There is unplanned weight loss
There is severe pain with bowel movements.
When to seek emergency medical care for constipation
Although constipation may be extremely uncomfortable, it is usually not serious. However, it may signal a serious underlying disorder such as cancer of the bowel. Because constipation may lead to complications, go to a hospital's emergency department for any of the following reasons:
Swollen veins in your anus (hemorrhoids). Straining to have a bowel movement may cause swelling in the veins in and around your anus.
Torn skin in your anus (anal fissure). A large or hard stool can cause tiny tears in the anus.
Stool that can't be expelled (faecal impaction). Chronic constipation may cause an accumulation of hardened stool that gets stuck in your intestines.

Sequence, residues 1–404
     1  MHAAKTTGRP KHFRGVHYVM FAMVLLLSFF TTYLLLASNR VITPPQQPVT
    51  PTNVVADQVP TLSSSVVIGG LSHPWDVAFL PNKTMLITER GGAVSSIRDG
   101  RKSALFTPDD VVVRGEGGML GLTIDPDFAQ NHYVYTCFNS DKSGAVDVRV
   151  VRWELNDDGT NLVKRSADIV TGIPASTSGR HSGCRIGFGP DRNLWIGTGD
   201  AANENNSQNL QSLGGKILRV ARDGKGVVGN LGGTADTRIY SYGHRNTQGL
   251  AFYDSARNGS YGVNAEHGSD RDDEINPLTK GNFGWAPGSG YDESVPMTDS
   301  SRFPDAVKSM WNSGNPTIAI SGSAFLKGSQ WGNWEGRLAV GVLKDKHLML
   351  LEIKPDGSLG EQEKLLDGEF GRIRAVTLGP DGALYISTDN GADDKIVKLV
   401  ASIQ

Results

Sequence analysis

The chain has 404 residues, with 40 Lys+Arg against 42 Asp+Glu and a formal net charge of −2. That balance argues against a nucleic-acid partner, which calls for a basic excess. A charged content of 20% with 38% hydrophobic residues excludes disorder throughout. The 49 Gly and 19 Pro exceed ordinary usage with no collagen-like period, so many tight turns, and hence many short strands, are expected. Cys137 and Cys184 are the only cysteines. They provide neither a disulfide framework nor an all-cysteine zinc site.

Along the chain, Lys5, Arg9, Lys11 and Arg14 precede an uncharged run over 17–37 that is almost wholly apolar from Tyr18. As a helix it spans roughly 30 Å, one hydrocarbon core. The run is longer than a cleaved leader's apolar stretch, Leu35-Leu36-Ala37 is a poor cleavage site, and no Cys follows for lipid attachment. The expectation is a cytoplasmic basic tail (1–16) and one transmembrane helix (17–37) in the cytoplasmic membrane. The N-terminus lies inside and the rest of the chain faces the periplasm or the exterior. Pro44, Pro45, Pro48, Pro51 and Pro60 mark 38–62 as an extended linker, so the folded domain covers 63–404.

Intestine that protrudes from the anus (rectal prolapse). Straining to have a bowel movement can cause a small amount of the rectum to stretch and protrude from the anus.
Treatments for Constipation
In the majority of cases, constipation resolves itself without any treatment or risk to health.
The treatment of recurring constipation can include:
Drink two to four extra glasses of water a day, unless your doctor told you to limit fluids for another reason.
Try warm liquids, especially in the morning.
Add fruits and vegetables to your diet.
Eat prunes and bran cereal.
With the assistance of your physician and pharmacist, determine if there are drugs that you are taking that could be contributing to constipation. See if the drugs can be discontinued or changed.
Increase the fibre in your diet by consuming more fruits, vegetables, and whole grains.
It may be difficult to get enough fibre in the diet to effectively treat constipation, so don't hesitate to take fibre supplements if necessary (wheat bran, psyllium, etc.).
Use increasing amounts of fibre and/or change the type of fibre consumed until there is a satisfactory result.